Everyone Orchestra @ Wild Buffalo – May 18th 2017

The best way to introduce the version of Everyone Orchestra that I saw is by showing you who everyone was, what bands they were from, and what they played.

They were, from stage left to right:

  • Jans Ingber (The Motet, formerly) on vocals and percussion.
  • Sarah Clarke (Dirty Revival) on vocals.
  • Paul Chandler (MarchFourth) on trumpet.
  • Josh Clark (Tea Leaf Green) on guitar.
  • Vinnie Amico (moe.) on drums
  • Chuck Jones (Dopapod) on bass.
  • Chris Houser (The Werks) on guitar.
  • Asher Fulero (Emancipator Ensemble) on keys.

Matt Butler, the conductor of Everyone Orchestra, was dressed in a rhinestone-embroidered white dovetail suit, which of course came with matching top hat. He was often holding up a small whiteboard and showing it to the Orchestra, or scribbling on it, or else gesturing enthusiastic ticking commands for cues and live volume suggestions to his improvising Orchestra.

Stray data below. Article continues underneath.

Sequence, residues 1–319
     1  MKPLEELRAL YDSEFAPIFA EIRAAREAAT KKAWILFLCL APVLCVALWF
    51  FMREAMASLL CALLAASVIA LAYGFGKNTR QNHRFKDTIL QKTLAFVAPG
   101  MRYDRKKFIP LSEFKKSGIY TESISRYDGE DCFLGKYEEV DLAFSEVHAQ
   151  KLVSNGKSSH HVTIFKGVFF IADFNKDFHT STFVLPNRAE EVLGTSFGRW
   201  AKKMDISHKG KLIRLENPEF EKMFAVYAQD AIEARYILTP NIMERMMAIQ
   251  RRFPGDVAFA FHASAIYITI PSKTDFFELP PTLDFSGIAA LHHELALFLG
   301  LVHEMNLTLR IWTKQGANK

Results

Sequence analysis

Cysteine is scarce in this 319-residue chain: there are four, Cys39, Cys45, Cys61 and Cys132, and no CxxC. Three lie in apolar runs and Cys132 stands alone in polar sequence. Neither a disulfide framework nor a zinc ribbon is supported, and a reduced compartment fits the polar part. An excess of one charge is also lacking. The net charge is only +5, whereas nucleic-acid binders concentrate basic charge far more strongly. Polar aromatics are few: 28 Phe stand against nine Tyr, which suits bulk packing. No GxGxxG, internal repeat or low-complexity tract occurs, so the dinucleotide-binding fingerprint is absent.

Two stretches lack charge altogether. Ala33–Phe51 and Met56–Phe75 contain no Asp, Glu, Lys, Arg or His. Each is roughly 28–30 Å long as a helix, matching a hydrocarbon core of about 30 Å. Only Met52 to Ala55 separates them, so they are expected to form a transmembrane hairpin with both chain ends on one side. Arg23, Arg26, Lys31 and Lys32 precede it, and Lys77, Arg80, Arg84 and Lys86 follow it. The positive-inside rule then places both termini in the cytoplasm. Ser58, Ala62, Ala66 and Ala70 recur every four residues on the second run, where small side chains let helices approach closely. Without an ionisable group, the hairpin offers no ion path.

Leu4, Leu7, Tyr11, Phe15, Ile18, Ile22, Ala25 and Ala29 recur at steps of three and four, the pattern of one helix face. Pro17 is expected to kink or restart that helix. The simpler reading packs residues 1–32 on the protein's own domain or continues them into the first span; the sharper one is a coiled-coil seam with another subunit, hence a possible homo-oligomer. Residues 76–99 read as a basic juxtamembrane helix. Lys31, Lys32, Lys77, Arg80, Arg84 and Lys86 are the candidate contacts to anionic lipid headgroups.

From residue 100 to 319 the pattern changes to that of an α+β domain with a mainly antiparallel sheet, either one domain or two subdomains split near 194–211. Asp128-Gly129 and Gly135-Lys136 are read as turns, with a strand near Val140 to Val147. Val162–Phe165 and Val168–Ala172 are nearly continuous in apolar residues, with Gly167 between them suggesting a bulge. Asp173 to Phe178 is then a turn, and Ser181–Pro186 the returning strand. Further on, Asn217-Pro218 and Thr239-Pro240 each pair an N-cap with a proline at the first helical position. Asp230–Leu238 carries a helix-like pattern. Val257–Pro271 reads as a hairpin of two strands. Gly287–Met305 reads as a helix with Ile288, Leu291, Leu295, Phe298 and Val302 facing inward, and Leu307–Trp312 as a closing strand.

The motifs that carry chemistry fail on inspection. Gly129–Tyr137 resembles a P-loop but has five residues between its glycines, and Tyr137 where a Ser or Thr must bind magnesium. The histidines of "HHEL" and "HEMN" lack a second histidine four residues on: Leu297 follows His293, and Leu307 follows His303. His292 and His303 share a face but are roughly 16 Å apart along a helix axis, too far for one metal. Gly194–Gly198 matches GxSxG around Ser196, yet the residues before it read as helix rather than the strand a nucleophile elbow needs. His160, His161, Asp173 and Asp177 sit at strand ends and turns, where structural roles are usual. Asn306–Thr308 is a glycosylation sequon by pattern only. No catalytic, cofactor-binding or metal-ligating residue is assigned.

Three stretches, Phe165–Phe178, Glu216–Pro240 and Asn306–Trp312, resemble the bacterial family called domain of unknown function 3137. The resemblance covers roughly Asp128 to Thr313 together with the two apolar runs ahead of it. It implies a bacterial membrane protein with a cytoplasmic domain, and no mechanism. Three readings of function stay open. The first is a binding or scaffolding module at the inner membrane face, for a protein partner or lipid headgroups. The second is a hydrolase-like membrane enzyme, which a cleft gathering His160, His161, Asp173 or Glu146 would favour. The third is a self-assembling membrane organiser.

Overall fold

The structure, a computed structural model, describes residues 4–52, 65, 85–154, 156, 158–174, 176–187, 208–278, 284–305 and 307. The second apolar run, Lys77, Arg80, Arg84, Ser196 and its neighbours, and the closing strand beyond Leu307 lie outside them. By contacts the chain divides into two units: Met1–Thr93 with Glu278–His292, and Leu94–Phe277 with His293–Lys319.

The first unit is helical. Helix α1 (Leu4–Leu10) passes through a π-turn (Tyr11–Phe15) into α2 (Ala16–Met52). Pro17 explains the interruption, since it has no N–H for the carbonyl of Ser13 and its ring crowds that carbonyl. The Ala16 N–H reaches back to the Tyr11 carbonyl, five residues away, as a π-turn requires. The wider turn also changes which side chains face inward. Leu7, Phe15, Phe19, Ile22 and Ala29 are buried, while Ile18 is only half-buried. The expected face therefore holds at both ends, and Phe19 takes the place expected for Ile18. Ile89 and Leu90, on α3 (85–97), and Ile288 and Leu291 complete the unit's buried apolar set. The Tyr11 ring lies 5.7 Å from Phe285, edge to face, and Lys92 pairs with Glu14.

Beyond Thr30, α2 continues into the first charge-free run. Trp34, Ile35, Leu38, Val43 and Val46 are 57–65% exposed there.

Did I forget to mention that Everyone Orchestra is, regardless of who is playing in it, an entirely improvisational group? As in, every piece of music they play, every night, is improvised. Made up on the spot. Unplanned, spontaneous, musically significant and sincere.


I overheard a nice lady in front of me call them “incredibly dance to-able.”

While I was sitting down, talking to a bartender about Butler’s jacket and ordering my third beer, an older gentleman still wiggling his hips came up and asked me why I wasn’t dancing, as if he could comprehend no earthly reason for anyone to stop jiving to the jazz and pure funky funk Everyone Orchestra was putting out.

The Wild Buffalo’s mounted buffalo head which rears through the wall as if breaking though looked like it was nodding its head to the beat, occasionally getting lost in the organically formed nonstandard time signatures.

I learned on Thursday that melodies could be bullets. At one point, around halfway through their set, Clarke and Fulero began to talk. They started whispering to each other behind their hands, almost drowned out by the others’ voices. As we began to notice their stellar grooves, however, they started to build. Louder they got, and wilder. They started pounding the floor with their feet and howling. They were screaming at each other, back and forth, hurling jabs and slices. Everyone, the whole crowd, applauded.

There’s nothing like good improvisational music. Everyone Orchestra is good improvisational music. I suggest that you see them immediately.

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